Since then, Chinese diplomats and government officials, in concert with China’s vast propaganda apparatus and covert networks of online agitators and influencers, have worked diligently to focus suspicion on Fort Detrick, a U.S. Army biological research facility in Frederick, Maryland, about 50 miles from Washington. According to data collected by the Alliance for Securing Democracy’s Hamilton 2.0 Dashboard, at least 35 key Chinese officials and state media outlets have mentioned Fort Detrick in more than 115 tweets in nine languages since Zhao’s press conference. Many of those tweets have attempted to smear the lab’s reputation, for example by alleging the U.S. lab is “inextricably linked” with Japan’s notorious Unit 731, a germ warfare unit that targeted China during World War II.

But Beijing’s recent information blitz against Fort Detrick is just the latest in a yearlong campaign to cast aspersions on the lab. Since March 2020, Chinese government officials and state-affiliated media have mentioned Fort Detrick in more than 400 articles, videos, tweets, and press conferences. Many of those messages have focused on reciprocal transparency and access to U.S. research labs by Chinese investigators—the diplomatic equivalent of “you show me yours, and I’ll show you mine.” But those more measured appeals have been joined by the promotion of elaborate conspiracy narratives, beginning with the claim that the virus was brought from the Fort Detrick area to Wuhan by U.S. Army reservist Maatje Benassi, who competed in the Military World Games in Wuhan in October 2019. To bolster the claim, the state-run tabloid the Global Times cited writings by George Webb, an American conspiracy theorist best known for temporarily shutting down the Port of Charleston, South Carolina, by planting an online rumor that a “dirty bomb” was arriving via a cargo ship. Webb also suggested an Italian disc jockey, Benny Benassi (no relation to Maatje Benassi), was involved in the U.S. plot to bring the virus to Wuhan.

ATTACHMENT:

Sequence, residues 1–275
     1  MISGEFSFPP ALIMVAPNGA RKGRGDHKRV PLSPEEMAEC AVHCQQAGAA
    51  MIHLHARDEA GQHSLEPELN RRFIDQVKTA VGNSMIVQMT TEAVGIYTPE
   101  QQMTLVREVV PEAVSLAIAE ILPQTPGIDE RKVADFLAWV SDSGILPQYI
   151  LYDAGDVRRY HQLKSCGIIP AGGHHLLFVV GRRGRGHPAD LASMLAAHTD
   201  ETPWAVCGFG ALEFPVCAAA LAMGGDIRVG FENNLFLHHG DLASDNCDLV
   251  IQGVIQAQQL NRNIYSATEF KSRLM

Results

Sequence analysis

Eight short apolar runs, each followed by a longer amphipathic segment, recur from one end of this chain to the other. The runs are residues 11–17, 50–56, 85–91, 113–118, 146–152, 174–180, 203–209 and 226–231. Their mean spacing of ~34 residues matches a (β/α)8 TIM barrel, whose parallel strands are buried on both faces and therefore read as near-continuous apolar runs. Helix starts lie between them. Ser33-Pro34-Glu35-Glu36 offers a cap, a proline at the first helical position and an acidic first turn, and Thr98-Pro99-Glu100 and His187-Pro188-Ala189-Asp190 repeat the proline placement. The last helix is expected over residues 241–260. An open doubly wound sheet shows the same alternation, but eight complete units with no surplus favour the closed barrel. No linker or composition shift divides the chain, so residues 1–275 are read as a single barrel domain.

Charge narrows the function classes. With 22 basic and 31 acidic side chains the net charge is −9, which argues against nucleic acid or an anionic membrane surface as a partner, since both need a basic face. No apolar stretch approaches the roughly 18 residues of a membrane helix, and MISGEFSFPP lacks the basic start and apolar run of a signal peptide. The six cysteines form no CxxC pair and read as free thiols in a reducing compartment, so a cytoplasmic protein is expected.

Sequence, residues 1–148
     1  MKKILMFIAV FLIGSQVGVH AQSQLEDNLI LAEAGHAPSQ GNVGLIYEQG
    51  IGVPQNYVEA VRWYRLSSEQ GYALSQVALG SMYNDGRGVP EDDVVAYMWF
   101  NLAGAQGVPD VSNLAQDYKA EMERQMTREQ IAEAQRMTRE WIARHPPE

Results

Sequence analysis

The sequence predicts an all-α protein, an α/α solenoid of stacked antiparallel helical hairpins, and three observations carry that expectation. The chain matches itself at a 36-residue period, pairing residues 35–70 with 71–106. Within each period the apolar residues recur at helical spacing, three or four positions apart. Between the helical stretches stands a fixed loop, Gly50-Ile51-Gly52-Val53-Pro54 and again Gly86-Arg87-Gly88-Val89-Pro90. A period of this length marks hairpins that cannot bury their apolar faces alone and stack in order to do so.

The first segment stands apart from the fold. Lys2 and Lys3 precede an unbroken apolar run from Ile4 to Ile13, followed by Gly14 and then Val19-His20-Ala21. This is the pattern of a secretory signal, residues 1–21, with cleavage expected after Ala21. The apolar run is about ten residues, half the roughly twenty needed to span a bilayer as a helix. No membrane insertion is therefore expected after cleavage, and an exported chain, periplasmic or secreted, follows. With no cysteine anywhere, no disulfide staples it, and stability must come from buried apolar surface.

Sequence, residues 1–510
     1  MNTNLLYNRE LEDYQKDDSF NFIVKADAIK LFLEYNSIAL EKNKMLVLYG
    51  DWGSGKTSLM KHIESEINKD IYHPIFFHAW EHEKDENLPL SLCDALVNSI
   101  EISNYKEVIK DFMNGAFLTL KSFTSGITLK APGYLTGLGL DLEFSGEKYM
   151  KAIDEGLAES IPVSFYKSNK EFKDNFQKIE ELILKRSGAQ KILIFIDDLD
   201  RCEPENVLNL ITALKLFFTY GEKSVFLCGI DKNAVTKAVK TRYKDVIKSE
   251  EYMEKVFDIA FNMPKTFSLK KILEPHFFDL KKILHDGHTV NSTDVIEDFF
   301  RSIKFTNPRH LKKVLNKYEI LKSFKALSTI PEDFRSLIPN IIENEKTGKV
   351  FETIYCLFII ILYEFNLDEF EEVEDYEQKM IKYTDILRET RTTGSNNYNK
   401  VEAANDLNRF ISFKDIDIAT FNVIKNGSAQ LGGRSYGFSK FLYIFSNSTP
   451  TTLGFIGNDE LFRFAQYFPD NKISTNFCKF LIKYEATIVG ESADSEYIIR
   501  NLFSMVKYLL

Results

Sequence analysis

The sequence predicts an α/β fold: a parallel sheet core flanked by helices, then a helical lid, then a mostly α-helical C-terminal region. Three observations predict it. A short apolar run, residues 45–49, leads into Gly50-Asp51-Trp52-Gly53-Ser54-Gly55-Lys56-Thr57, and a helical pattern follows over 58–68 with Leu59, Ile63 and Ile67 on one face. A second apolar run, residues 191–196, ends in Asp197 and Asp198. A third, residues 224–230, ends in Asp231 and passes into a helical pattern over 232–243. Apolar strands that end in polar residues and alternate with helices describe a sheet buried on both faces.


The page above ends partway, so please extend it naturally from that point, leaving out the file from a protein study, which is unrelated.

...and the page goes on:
When the theory that Maatje Benassi was patient zero failed to gain traction, Beijing trial-ballooned a host of alternative conspiracy theories. One suggests a temporary shutdown of Fort Detrick in July 2019 over security protocol breaches was a precursor for the wider outbreak. Chinese state media hinted at a cover-up by citing coverage of the closure from numerous major U.S. outlets, including the New York Times, while simultaneously suggesting news about the closure was being “deleted” from the internet—something more possible in China than the United States.

As outlandish as some of the Fort Detrick claims by official Chinese sources have been, they represent the sanitized tip of a much larger conspiracy theory iceberg.

From there, however, Beijing’s claims have gotten more convoluted, including suggestions of a link between the coronavirus and a 2019 outbreak of EVALI (the lung disease associated with vaping) in Wisconsin, with diplomats intentionally or mistakenly claiming the outbreak occurred “only near Fort Detrick”—never mind that Wisconsin is some 800 miles from the lab. Another oddball theory attempts to draw a link between COVID-19 and an unrelated outbreak of a respiratory virus in a northern Virginia senior care facility. In a video posted to Chinese state media outlet CGTN’s YouTube channel titled “Residents around U.S. Fort Detrick biolab keep silence about suspected COVID-19 outbreak,” a reporter tries but fails to gain access to the facility. He is identified only as a “U.S. stringer,” but open-source research suggests he is a camera operator working for Russia’s Channel One, one of the country’s major domestic propaganda outlets that also peddles in conspiracy theories.